Over the past few years, as I’ve become an adult with my own home to decorate, I’ve come to notice the immense amount of “Native American” decor on home design sites and blogs. Whether that’s the result of an uptick in popularity or my own recognition of these items, the bottom line is, there’s no shortage of these themes: I’ve seen everything from “Indian” costumes for your chihuahua to “Navajo print” underwear to kid-sized tipis.
There are some glaring issues with several of these examples. Thankfully, it’s becoming more and more recognized that dressing up (either a human or an animal) as another culture is downright offensive. And a 2012 lawsuit between the Navajo Nation and Urban Outfitters set forth an unprecedented example that tribal names and cultural patterns are, in fact, subject to copyright law.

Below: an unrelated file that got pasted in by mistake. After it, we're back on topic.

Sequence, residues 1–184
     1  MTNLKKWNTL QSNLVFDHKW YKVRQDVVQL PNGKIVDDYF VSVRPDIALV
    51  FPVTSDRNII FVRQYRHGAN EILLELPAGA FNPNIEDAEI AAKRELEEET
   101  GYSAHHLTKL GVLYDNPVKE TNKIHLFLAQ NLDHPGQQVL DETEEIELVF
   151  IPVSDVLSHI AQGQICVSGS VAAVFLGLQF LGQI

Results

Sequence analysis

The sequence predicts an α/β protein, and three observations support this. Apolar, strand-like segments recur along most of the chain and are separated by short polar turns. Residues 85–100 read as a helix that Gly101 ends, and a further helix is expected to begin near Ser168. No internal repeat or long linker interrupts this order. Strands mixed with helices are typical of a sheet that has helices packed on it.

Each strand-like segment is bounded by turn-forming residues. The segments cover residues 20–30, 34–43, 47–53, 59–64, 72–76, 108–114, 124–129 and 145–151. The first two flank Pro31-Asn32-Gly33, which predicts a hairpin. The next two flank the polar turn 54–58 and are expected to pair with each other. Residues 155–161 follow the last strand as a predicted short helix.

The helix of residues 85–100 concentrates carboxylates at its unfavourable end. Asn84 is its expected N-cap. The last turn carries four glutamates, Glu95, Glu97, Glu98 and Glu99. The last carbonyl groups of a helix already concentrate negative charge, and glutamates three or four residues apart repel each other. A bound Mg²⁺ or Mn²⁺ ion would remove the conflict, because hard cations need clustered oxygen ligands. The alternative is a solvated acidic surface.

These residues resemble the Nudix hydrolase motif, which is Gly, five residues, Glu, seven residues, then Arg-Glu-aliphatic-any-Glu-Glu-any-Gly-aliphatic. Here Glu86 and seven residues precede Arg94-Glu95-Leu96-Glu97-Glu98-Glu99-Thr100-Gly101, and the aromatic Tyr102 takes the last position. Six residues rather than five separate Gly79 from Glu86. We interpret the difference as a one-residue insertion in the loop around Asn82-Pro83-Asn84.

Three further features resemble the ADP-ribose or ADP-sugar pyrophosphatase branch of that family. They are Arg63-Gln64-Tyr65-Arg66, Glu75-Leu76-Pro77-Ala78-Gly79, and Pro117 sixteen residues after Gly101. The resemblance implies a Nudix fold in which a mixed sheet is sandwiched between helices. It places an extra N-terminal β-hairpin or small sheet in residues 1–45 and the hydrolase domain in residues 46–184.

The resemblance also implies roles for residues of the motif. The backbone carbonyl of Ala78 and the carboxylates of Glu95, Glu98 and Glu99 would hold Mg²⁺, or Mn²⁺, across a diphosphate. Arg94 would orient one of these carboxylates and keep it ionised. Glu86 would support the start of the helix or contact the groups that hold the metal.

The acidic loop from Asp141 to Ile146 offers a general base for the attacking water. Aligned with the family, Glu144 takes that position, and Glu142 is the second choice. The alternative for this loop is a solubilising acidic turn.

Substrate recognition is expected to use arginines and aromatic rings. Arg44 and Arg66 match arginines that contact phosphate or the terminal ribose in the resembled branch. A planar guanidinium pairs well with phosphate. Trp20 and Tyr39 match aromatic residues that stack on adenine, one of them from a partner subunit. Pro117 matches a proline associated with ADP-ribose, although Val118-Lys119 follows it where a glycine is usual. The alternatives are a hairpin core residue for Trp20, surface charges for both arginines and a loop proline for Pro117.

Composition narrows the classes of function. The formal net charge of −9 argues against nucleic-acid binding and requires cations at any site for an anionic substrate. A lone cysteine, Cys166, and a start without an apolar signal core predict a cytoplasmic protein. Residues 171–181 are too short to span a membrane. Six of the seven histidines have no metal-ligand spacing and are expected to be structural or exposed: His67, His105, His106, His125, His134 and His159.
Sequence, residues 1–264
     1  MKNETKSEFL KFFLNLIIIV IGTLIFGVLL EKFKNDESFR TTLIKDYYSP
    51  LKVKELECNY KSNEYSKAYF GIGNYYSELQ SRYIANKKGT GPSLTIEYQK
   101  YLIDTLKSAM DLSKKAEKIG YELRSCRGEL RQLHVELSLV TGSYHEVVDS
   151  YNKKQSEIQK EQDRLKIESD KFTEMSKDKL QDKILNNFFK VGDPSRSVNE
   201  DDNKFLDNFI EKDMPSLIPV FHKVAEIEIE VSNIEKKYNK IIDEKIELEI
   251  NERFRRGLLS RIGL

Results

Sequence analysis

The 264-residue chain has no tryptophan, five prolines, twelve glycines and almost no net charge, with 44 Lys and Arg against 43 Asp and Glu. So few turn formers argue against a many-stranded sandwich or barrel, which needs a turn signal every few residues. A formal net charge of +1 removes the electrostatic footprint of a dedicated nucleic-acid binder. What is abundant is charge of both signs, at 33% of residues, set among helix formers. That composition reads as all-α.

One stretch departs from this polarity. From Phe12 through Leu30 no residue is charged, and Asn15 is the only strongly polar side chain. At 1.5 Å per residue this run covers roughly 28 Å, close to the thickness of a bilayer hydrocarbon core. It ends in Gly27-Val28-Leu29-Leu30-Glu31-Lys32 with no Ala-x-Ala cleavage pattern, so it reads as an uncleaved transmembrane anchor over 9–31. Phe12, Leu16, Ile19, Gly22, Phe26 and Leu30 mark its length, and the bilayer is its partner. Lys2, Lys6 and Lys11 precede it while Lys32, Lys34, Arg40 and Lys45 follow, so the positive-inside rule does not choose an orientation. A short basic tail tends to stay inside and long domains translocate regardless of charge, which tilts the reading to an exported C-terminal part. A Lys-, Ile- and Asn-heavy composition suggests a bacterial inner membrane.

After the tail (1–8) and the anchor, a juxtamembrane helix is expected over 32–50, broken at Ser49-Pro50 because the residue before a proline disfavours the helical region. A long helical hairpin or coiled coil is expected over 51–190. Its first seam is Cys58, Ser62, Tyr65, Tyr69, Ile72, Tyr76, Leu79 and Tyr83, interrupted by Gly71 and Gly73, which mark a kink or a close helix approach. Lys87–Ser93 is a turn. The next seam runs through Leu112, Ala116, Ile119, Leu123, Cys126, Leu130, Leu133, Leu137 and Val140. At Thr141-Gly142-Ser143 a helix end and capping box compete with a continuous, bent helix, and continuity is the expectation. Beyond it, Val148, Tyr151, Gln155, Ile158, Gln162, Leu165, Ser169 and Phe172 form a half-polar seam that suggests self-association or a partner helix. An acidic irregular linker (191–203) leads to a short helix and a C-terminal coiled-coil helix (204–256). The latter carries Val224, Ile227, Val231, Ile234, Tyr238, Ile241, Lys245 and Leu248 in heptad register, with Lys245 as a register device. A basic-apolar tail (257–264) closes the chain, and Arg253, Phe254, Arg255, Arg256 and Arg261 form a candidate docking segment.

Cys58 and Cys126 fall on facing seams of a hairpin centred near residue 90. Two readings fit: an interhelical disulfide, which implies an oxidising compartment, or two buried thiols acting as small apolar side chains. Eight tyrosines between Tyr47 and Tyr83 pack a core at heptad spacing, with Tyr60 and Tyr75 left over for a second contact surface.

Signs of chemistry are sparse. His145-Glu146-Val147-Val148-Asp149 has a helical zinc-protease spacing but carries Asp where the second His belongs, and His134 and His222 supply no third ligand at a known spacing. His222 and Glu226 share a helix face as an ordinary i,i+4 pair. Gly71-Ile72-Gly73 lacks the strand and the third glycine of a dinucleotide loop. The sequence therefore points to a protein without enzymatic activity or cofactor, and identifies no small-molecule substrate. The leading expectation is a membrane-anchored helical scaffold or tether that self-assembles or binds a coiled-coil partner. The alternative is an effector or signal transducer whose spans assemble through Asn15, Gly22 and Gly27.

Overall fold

But what about those tipis? Dreamcatchers? Some of these motifs have become so common in home decor that I daresay most don’t even register their origins—or what that lack of awareness might mean.
Tipis, for example, could very well be considered “just” tents. What’s the harm in that? Well, as Adrienne Keene from the blog Native Appropriations puts it, “My problem is that the tipis I see and the discussions around them always seem to involve some level of fantasy play, you’re not just hanging out in a tent that looks like a tipi.”